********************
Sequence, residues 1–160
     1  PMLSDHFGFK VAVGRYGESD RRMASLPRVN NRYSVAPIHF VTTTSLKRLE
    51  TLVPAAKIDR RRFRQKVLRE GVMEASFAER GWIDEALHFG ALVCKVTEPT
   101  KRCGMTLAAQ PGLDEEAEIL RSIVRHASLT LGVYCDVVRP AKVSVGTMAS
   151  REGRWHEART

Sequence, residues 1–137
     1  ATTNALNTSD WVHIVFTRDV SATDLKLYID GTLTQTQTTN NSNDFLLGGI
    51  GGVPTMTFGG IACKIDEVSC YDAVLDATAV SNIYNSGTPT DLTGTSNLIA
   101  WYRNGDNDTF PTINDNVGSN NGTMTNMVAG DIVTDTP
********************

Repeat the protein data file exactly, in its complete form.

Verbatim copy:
Sequence, residues 1–160
     1  PMLSDHFGFK VAVGRYGESD RRMASLPRVN NRYSVAPIHF VTTTSLKRLE
    51  TLVPAAKIDR RRFRQKVLRE GVMEASFAER GWIDEALHFG ALVCKVTEPT
   101  KRCGMTLAAQ PGLDEEAEIL RSIVRHASLT LGVYCDVVRP AKVSVGTMAS
   151  REGRWHEART

Sequence, residues 1–137
     1  ATTNALNTSD WVHIVFTRDV SATDLKLYID GTLTQTQTTN NSNDFLLGGI
    51  GGVPTMTFGG IACKIDEVSC YDAVLDATAV SNIYNSGTPT DLTGTSNLIA
   101  WYRNGDNDTF PTINDNVGSN NGTMTNMVAG DIVTDTP